Protest movement building in Egypt. (Photo: Reuters)

Something is happening in Egypt we need to watch carefully and pray about seriously.

The sudden, unexpected popular overthrow of a corrupt, authoritarian regime in the North African country of Tunisia this month — a Reformer movement fueled by Facebook and Twitter — is having ripple effects in nearby Egypt. Mass protests against President Hosni Mubarak, 82, his authoritarian regime, government corruption, poverty, and human rights abuses ignited yesterday in Cairo, Alexandria and elsewhere, and intensified today. The numbers of Egyptians turning up for the protests, many of them hearing about the events through social media, are swelling into the tens of thousands, and possibly higher. Egyptian police are clashing hard with the protestors. Injuries are mounting and there have been a few deaths.

Is a revolution in motion? Are pro-democracy Reformers likely to succeed? Not according to the Obama administration. “Our assessment is that the Egyptian government is stable and is looking for ways to respond to the legitimate needs and interests of the Egyptian people,” says Secretary of State Hillary Clinton, masking a view widely held within the U.S. government that the overthrow of the Mubarak regime could be a massively destabilizing event in the Middle East.

Personally, I don’t think the Mubarak regime is stable at all. It is an authoritarian, corrupt, anti-human rights, anti-free speech regime. The Egyptian people deserve much better. They deserve freedom and democracy. They certainly don’t deserved to be beaten and tortured for protesting Mubarak’s many sins. In my non-fiction book, Inside The Revolution, I wrote: “President Hosni Mubarak of Egypt — nominally a Muslim but more of a secular Arab nationalist at heart — is a classic Resister….[and] has resisted fundamental changes in Egypt of almost any kind” ever since coming to office after the death of President Anwar Sadat, one of the great Reformers of history.

There is an unconfirmed report that the Egyptian leader’s son, Gamal Mubarak (widely believed to be his father’s choice to succeed him), and Gamal’s family, have left the country, possibly for England. We’ll see if that’s true or not soon enough.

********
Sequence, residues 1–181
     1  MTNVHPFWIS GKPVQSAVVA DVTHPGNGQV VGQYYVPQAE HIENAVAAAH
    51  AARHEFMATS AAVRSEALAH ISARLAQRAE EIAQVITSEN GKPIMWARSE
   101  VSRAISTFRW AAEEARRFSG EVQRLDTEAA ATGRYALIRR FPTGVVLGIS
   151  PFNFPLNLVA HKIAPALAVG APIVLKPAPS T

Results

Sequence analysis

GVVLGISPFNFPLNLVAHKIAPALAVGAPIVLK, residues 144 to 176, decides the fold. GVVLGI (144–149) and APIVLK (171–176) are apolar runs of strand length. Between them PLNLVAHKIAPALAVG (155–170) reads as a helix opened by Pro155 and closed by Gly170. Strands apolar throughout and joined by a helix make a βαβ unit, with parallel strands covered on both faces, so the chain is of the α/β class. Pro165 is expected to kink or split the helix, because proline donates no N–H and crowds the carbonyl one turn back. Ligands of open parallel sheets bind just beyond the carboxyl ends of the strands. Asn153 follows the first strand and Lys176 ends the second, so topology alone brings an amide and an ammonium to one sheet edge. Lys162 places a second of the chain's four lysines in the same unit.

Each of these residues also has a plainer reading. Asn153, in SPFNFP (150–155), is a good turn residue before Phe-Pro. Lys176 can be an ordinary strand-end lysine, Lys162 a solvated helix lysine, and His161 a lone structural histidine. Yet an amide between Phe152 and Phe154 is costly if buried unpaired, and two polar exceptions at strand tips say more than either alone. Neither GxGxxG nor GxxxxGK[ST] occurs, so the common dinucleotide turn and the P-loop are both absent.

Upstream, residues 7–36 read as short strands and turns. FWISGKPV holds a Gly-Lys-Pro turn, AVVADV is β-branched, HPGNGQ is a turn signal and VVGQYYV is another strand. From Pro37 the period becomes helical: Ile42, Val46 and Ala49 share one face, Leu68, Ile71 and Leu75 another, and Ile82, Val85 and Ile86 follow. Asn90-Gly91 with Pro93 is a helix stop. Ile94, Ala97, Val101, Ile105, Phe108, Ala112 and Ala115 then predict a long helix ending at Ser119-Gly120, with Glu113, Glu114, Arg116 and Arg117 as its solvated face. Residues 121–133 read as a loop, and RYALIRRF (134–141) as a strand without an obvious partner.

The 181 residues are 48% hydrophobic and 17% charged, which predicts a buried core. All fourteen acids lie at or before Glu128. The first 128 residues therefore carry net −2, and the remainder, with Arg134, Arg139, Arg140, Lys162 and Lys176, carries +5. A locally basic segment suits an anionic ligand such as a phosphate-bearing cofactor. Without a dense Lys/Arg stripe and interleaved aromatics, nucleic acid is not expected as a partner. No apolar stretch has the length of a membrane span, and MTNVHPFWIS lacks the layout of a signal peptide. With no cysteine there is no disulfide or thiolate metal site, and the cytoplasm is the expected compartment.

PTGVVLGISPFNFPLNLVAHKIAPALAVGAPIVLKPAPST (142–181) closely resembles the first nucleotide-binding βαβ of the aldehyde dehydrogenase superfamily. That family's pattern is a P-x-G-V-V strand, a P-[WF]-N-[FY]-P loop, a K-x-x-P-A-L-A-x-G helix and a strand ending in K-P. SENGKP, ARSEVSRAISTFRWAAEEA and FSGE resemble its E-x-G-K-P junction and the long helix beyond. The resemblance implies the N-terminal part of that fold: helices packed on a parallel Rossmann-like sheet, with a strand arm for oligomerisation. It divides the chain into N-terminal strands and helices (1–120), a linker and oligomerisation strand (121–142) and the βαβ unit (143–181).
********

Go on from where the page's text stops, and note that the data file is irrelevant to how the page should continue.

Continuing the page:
In the meantime, we need to pray for the people of Egypt:

  1. Pray that the Lord will have mercy on the 80 million people of that important, proud, historic country.
  2. Pray that the people of Egypt will find freedom and democracy and that honorable leaders will emerge to replace the Mubaraks.
  3. Pray that the Reformers are successful, with a minimum of violence.
  4. Please pray that the persecuted Church in Egypt will be strong, courageous and healthy and will share the good news of salvation through Christ to the entire nation at this critical time.
  5. Pray that many Muslims will come to faith in Jesus Christ.
  6. Pray that there will be a revival among the 10% of the nation that are Coptic Christians, many of whom are nominal Christians — pray that they find a real and personal relationship with our Lord Jesus.
  7. Pray for believers outside Egypt to know how best to help, as the Lord leads.

Key stories to track:

  • “Egyptian president Hosni Mubarak’s son who is considered as his successor has fled to Britain along with his family,” reports accounts in several Arab-language media websites. “‘The plane with Gamal Mubarak, his wife and daughter on board left for London Tuesday from an airport in western Cairo,’ [one] website said. The report came as violent unrest broke out in Cairo and other Egyptian cities and hundreds of thousands of people reportedly took to the streets in a Tunisia-inspired day of revolt. The protesters want Egyptian government to end its 30-year state of emergency and pass a law preventing a president from serving more than two terms, and want the interior minister Habib al-Adly, to resign.”
  • The Wall Street Journal reports: “Tens of thousands of protesters clashed with police in cities across Egypt on Tuesday to demand the ouster of the president, as shock waves from Tunisia’s successful revolt against its leader two weeks ago continued to rumble through the Middle East. The protests appeared to be the biggest in decades in Egypt, a country where opposition has long been kept in check and demonstrations rarely draw more than a few hundred people. According to some initial accounts, as many as 50,000 demonstrators in all turned out in Cairo, Alexandria, Suez and other Egyptian cities. At least two protesters and one security official were killed.”
  • The U.K.’s Daily Mail reports: “To the north, in the Mediterranean port city of Alexandria, thousands of protesters also marched in what was dubbed a ‘Day of Rage’ against Mr Mubarak and lack of political freedoms under his rule. In another parallel with the Tunisia protests, the calls for rallies went out on Facebook and Twitter, with 90,000 saying they would attend. The protests coincided with a national holiday honouring Egypt’s much-feared police. Demonstrators in Cairo sang the national anthem and carried banners denouncing Mr Mubarak and the widespread fraud that plagues the country’s elections. The organisers said the protests were a ‘day of revolution against torture, poverty, corruption and unemployment.'”
  • The latest Reuters headline reads: Egyptians rage against Mubarak’s 30-year rule.